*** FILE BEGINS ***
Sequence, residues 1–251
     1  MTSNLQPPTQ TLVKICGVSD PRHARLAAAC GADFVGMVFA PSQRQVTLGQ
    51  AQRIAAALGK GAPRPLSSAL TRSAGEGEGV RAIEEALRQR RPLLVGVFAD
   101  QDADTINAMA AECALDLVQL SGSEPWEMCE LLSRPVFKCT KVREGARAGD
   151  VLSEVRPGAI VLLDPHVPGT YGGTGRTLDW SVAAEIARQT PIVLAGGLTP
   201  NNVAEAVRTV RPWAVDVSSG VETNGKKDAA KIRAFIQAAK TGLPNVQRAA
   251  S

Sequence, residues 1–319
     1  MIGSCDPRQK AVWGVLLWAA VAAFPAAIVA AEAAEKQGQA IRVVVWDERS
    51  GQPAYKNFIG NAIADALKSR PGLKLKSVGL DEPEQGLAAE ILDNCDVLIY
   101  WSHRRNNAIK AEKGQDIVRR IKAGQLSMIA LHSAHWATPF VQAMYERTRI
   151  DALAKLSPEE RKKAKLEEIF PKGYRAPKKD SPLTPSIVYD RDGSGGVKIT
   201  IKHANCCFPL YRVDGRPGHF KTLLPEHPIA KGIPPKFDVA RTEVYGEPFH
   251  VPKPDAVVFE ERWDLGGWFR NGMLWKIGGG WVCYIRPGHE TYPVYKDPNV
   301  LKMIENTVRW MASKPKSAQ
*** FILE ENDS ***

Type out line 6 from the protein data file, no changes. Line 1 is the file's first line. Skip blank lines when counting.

   201  NNVAEAVRTV RPWAVDVSSG VETNGKKDAA KIRAFIQAAK TGLPNVQRAA